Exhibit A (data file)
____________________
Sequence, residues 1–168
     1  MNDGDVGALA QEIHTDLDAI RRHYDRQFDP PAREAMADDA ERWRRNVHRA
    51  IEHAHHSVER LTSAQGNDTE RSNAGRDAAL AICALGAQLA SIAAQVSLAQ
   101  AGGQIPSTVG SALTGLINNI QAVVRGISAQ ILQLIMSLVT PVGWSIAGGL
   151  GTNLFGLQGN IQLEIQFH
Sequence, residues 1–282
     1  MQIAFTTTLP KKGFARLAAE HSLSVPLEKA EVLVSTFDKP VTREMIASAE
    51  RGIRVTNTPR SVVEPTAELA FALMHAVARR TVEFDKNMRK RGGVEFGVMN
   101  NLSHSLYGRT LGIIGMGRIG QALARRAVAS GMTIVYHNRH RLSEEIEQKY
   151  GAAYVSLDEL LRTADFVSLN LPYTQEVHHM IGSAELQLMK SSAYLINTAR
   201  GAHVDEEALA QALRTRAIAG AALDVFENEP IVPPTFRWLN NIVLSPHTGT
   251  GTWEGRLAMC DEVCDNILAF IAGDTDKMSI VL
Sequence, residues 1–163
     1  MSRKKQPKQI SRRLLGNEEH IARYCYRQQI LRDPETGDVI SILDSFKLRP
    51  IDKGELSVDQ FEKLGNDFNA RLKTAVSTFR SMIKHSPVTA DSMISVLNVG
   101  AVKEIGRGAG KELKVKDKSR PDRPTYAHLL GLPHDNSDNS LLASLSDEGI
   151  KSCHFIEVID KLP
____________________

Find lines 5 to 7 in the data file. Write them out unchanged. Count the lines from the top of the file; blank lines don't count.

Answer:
   151  GTNLFGLQGN IQLEIQFH
Sequence, residues 1–282
     1  MQIAFTTTLP KKGFARLAAE HSLSVPLEKA EVLVSTFDKP VTREMIASAE